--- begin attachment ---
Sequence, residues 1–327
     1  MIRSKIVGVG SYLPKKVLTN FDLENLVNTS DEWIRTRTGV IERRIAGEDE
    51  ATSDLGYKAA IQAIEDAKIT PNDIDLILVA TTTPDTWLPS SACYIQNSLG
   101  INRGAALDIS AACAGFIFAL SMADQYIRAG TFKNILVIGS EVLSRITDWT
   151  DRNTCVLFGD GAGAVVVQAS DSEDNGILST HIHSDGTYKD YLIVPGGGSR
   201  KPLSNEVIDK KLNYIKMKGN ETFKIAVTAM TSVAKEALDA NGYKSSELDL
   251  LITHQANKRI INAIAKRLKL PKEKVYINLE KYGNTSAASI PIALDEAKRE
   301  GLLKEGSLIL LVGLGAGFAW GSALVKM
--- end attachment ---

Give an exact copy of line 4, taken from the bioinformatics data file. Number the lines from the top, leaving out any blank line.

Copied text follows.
   101  INRGAALDIS AACAGFIFAL SMADQYIRAG TFKNILVIGS EVLSRITDWT